Not another cheese sandwich…

Depending on where you live, school holidays are just beginning, almost over or nowhere in sight. Regardless of where you are in the holiday/school cycle, one thing is certain, you are never far from the relentless drudgery of filling endless plastic containers with food. And not just any food. It must be food that walks the fine line between healthy wholesome food, and the junk that children will willingly eat when not closely supervised.

But lets start with the basics – containers. Despite The Family Beasts overriding philosophy to step as lightly on this earth as possible and a general aversion to anything plastic, it’s confession time. There is NO school lunch situation that cannot be improved with the addition of MORE colourful plastic containers in every imaginable size and shape.  You can never have too many Never.

You can add some feel-good stainless steel eco lunch kits in to salve your conscience but you will still need more. Every trip to aisle 5 at the supermarket will lead to the discovery of a clip-clack-stack combo that you don’t have yet – and with three children that’s one in pink, one in blue and one in green (because you’ve colour-coded them already, right?). It all adds up – both the price at the checkout and the cost when you have to renovate the kitchen to fit everything in. Then there are drink bottles, Thermos’ and little leak-proof tubs for salad dressing and soy sauce.

Usually after a few terms of struggling to find the right lid to go with each container, making sure the correct lunch has been placed into the coloured container that corresponds with the child that will actually eat that particular combination of food, most parents will feel like piling the entire collection into a jumbo garbage bag and dropping it in the nearest Salvation Army bin and reverting to stale cheese sandwiches in brown paper bags and a box of weevil infested sultanas. Or the school canteen.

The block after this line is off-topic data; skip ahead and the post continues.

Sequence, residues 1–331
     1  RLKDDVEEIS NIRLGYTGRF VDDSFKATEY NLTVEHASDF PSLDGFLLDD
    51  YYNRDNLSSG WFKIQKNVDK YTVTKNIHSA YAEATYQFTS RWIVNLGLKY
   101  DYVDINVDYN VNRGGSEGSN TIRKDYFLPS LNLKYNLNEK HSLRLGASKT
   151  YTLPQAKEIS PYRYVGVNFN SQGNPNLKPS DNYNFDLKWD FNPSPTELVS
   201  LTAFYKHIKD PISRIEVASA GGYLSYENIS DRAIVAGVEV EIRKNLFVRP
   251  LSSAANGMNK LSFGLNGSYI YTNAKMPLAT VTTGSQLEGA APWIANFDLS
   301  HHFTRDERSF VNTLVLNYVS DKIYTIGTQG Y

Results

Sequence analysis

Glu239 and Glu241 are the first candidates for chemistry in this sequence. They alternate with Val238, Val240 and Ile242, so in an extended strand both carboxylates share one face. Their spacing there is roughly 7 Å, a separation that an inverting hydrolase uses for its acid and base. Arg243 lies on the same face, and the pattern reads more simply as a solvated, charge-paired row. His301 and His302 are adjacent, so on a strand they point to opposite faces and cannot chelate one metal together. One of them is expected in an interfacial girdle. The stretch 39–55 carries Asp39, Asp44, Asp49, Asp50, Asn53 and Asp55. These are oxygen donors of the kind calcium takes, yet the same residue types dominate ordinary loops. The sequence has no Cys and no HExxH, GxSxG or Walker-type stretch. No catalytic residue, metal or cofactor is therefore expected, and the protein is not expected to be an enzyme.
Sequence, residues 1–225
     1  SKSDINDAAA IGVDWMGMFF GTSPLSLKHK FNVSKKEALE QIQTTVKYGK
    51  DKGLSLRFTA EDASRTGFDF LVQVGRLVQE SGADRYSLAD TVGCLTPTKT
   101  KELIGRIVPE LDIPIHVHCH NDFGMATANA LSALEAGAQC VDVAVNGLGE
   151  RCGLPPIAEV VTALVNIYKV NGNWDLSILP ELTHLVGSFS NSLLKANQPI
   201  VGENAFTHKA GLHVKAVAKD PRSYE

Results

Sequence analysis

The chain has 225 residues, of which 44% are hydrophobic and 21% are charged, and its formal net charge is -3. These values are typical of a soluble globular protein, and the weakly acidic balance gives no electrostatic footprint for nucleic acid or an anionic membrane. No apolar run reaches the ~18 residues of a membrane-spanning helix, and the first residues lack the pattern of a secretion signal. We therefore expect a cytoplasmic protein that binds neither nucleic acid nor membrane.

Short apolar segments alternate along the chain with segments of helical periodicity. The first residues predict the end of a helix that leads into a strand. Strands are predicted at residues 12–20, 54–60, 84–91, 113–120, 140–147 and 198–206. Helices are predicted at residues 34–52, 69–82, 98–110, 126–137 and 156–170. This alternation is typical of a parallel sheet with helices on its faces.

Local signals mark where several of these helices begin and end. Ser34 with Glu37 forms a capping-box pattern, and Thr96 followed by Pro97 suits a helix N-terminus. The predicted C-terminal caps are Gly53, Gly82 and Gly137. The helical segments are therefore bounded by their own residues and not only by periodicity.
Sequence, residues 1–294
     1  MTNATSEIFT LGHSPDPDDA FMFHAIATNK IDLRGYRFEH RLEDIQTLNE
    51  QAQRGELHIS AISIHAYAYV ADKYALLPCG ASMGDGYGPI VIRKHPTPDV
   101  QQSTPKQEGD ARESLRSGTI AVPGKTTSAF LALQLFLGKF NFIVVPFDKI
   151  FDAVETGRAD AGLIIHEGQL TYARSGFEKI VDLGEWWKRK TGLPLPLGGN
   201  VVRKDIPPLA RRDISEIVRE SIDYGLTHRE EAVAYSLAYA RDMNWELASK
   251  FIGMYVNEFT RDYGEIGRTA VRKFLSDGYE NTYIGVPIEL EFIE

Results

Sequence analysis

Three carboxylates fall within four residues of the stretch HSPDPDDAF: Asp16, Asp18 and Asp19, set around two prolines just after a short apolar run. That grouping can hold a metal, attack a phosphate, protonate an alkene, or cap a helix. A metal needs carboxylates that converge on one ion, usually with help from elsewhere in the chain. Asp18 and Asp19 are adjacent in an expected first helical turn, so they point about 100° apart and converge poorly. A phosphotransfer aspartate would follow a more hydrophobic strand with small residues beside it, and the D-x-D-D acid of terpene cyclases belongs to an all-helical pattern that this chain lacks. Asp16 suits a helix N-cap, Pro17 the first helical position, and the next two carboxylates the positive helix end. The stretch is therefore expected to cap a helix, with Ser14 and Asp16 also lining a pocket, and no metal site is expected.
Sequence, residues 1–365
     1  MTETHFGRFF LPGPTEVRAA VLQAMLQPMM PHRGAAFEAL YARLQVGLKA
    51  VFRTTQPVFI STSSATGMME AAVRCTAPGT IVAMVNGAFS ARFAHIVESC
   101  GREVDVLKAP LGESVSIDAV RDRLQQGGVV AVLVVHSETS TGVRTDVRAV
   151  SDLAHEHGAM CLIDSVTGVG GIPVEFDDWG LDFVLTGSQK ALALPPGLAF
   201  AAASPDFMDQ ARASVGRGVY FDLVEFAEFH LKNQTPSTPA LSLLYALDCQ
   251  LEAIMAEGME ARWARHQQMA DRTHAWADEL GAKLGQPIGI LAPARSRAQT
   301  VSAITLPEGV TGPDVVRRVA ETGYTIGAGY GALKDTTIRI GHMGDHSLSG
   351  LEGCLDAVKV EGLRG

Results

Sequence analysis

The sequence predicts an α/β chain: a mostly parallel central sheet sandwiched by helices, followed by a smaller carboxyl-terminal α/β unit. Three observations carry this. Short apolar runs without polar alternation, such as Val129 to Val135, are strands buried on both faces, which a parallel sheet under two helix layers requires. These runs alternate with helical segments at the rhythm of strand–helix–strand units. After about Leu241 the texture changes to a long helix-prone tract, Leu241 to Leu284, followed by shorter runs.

To start the ball rolling on things to put in all those damn containers, here are some ideas – every thing is nut free because most schools seem to be these days.

Scroggin or Trail Mix
This is great all rounder for those ‘just in case they get hungry’ moments. The best part is you can put just about anything into it and adjust it for fussy eaters. Basically it’s a mix of any of the following types of food:

sunflower seeds
banana chips
dried cranberries
dried apricots
dried dates
dried apple
corn chips

This is a nut-free list to get you started – obviously nuts can be added for non-school occasions. The scroggin can be kept in a sealed container in their backpack, or in the car for after school snacks and topped up accordingly.

This is a great idea for leftovers.  Bake extra vegetables when roasting.  Place the leftovers in a dish and just cover with beaten egg, top with grated cheese and cook until firm. This can be sliced into fingers for a very nutritious and easy to eat lunch.  Just about anything can go in so you really can tailor it to your child’s tastes. If you are a fritatta virgin (and let’s face it, we all were at some point) here is a good starter’s guide: Basic Vegetable Frittata

You can also adapt The Family Beast’s Top 3: Non-cooking Meals, Hummus and vegetables, sushi, and rice paper rolls to lunch box fare as well.

This week The Family Beast will also cover pantry organisation, enticing vegetable based snacks, and cooking books for children – because the sooner they know how to operate the kitchen properly – the better!

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